fist like a comrade before the wall of the
fighters of the Commune, how is it possible not
to believe that, this time, the government
is no longer on the side of the capitalists?
The movement ended with employers giving in on all
demands; union rights, freedom of opinion, recognition
of workers' delegates elected in the factories, and wage
increases of 7% for the highest paid to 15% for the
The peace within the party, however, did not
remain, and the Socialist Party Congress of Royan, in
June of 1938, witnessed a split between those that chose
resistance against Hitler and those that would choose
Hitler over resistance.21 This particular split was
terribly disheartening to Blum, who saw the growth of
Nazism as a "'real beginning of a universal state of
alarm,'" and calling for unified forces to combat its
spread.22 Even passive socialists came around reluctantly
to the need for national defense. Due to their pacifist
dogmas and the fact that Marxist schema clouded the
understanding of the true character of 20th century

fascism, they did not see that this new movement
actually transcended economic and class interests.23
Therefore the fact that the socialists held the largest
single bloc of opposition votes against the grant of
unrestricted powers to Petain and the Occupation forces
means little when no single unified force voted solidly
against it. The remnants of their solidarity had been
destroyed.24 Leon Blum, himself, voted emphatically
against Petain.
Leon Blum was a Frenchman from Alsace whose
father was in the silk and velvet business. Born in
April of 1872, Leon would grow up to become a lawyer by
pro- fession, an occassional theatre critic, and a
socialist. The first group that he joined was "Unite
Socialiste," and their efforts to unify socialist
factions greatly affected him.25 At the age of 25 he
became the youngest member of the Chamber of Deputies,
entering politics as an Opportunist (the Opportunists
believed that "each advance must await the opportune
moment") .26 Later, his first major political work was to
call for the national- zation of the railroads.27 While

continually active within the Socialist party he would
not become their leader until the 1930's.
Blum's beliefs were socialist and humanitarian
in nature. He was "sensitive to the irrationality of a
social and economic organization based solely on profit,
convinced that the will of men is capable of modifying
the realities of public life if only they become
conscious of their power."28 He felt that freedom and
equality were economic in nature and the formation of a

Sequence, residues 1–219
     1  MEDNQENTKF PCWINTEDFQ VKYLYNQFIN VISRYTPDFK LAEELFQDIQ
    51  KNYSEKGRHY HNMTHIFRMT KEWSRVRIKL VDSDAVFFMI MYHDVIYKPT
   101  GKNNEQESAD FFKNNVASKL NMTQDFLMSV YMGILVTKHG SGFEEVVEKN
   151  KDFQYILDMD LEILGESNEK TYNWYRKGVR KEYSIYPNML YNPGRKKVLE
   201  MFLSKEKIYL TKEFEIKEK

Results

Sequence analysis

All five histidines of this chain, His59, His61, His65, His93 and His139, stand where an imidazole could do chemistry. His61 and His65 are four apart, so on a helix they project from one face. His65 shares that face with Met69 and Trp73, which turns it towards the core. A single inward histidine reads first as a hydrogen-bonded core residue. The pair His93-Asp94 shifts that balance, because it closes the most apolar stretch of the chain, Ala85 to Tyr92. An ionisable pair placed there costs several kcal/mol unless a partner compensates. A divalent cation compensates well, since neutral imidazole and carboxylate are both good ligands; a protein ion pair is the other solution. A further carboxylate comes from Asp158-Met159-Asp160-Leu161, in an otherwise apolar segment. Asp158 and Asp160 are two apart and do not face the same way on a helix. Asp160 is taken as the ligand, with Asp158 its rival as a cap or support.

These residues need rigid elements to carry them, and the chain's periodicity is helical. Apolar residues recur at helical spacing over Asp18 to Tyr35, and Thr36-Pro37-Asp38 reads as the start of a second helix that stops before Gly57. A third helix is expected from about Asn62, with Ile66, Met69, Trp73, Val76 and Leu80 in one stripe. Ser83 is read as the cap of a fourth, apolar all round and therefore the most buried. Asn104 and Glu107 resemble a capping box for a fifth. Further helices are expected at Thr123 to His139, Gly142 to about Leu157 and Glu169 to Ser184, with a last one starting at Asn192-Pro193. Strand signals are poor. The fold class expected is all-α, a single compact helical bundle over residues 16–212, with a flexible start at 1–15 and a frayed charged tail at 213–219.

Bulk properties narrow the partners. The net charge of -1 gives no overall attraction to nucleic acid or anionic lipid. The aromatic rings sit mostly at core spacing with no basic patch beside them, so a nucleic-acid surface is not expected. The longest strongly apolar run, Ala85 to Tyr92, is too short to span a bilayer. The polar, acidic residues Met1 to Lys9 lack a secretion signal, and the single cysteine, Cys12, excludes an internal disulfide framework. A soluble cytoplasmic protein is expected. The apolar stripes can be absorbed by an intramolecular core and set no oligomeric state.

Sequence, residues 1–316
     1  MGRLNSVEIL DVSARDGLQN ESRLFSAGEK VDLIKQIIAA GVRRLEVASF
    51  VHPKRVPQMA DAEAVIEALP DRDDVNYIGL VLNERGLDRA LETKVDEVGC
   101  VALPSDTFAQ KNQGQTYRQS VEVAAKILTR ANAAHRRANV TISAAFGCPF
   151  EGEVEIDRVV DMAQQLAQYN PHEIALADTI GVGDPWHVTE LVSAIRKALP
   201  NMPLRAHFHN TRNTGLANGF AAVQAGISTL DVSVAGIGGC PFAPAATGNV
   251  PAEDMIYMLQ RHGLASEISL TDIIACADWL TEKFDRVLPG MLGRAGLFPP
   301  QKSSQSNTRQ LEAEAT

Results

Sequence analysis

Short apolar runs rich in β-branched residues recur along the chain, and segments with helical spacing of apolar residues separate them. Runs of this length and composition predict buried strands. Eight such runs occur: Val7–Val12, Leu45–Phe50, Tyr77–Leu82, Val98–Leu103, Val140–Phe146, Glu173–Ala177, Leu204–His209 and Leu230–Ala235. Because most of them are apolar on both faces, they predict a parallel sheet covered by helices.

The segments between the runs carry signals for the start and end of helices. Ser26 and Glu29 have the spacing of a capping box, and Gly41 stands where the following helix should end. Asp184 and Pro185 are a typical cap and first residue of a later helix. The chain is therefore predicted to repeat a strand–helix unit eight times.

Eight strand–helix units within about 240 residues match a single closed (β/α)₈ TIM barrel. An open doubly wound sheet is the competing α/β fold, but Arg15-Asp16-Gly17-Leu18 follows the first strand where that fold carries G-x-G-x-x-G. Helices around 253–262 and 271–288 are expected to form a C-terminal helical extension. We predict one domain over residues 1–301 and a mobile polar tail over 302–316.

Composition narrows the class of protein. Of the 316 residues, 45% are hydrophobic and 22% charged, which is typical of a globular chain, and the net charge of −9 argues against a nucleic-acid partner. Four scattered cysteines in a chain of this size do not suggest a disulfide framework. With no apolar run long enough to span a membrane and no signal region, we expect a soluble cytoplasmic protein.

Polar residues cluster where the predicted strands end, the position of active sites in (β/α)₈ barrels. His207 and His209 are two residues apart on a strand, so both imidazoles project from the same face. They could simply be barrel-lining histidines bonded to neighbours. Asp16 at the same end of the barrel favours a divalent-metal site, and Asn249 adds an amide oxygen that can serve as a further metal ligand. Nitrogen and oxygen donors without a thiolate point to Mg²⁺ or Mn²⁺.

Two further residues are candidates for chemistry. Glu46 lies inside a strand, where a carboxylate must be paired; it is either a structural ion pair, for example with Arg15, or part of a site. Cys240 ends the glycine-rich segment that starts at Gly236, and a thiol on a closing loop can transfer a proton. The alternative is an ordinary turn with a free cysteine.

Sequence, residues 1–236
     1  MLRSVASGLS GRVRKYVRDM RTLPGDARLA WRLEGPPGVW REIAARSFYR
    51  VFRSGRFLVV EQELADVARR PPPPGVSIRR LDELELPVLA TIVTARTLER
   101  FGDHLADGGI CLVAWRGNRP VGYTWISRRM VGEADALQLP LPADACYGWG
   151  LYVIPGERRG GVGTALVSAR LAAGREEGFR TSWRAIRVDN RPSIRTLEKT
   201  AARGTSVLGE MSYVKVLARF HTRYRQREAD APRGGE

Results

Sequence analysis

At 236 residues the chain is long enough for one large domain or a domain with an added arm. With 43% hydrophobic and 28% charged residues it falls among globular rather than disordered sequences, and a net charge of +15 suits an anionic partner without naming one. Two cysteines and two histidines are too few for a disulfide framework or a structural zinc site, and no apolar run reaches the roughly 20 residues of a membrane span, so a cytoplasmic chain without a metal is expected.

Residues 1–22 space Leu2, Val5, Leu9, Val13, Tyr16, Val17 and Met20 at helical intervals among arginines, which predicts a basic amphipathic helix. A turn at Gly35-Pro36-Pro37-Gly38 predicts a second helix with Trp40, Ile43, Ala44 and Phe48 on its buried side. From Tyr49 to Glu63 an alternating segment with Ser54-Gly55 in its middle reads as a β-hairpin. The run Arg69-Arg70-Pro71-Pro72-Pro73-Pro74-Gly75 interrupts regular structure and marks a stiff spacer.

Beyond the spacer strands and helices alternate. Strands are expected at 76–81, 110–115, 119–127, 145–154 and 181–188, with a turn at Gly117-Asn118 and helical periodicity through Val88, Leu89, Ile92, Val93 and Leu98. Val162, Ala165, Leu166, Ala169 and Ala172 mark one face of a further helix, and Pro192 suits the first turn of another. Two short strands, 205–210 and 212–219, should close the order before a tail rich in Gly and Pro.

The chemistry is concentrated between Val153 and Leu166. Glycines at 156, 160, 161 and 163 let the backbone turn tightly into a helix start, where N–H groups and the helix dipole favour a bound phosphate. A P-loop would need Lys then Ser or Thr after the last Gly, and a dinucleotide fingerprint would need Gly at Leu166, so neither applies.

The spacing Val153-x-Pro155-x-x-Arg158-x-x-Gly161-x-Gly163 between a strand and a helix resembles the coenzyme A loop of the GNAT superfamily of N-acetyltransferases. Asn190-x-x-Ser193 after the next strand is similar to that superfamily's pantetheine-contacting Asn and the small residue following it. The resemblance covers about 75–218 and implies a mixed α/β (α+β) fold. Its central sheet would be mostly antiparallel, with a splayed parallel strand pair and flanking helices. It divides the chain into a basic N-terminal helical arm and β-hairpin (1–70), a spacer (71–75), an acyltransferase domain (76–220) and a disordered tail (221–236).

political republic was incomplete without leading to a
social republic, with workers rights within the economic
While bourgeois himself, not living "like a
socialist," Blum did have a diverse group of friends,
including artists, scientists, and political activists.
However, his high social status contributed to a certain
amount of mistrust on the left, and a rising suspicion
on the right. Also, in the 1920's, the Socialist Party
was reviving primarily through its provincial
connections, and Blum's Parisian roots were not an

Blum's politics were somewhat vague, and he
himself was aware of potential failure. He felt that a
strong government, united political parties, a
revitalization of the parliamentary mechanism, and
management and administration run by modern industrial
methods would make for smooth running politics.31 Yet, he
realized that society was not a homogenous receptacle
for his ideas, and at one low period in his inspiration
he felt that there was "'nothing to be done with this
society as it is, we can expect nothing from it, the
resistances of egotism, routine, and self-interest are
insurmountable. "32
Blum's political ideas contained many economic
measures, yet, while he was Prime Minister he failed to
supplement his social reforms with these measures. He,
instead, placed the purchasing power into the hands of
the masses and assumed that prosperity would follow.33
Part of the reason for this is that social reforms are
easier to accomplish than economic measures,34 but Blum
also felt that a planned economy was indicative of a
regime between democracy and totalitarianism, one which

held great risk of falling into fascism.35 Blum's
political priority, however, was not economic, and he